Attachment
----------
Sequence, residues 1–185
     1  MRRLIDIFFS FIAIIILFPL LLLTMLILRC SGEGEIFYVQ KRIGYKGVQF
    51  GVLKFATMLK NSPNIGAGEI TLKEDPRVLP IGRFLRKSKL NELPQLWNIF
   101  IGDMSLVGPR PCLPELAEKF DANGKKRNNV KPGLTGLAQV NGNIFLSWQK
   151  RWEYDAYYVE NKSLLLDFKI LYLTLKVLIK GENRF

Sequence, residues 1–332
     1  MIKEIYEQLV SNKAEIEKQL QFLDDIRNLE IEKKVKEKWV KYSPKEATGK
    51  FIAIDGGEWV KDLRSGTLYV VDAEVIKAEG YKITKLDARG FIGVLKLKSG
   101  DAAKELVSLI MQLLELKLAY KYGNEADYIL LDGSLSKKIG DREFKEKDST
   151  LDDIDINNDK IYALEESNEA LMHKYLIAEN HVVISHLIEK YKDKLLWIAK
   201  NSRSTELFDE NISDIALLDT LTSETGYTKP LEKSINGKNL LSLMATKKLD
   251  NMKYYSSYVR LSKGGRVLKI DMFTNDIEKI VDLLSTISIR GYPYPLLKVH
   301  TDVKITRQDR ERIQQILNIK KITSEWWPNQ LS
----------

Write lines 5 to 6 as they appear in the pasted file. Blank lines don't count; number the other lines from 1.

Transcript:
   151  RWEYDAYYVE NKSLLLDFKI LYLTLKVLIK GENRF

Sequence, residues 1–332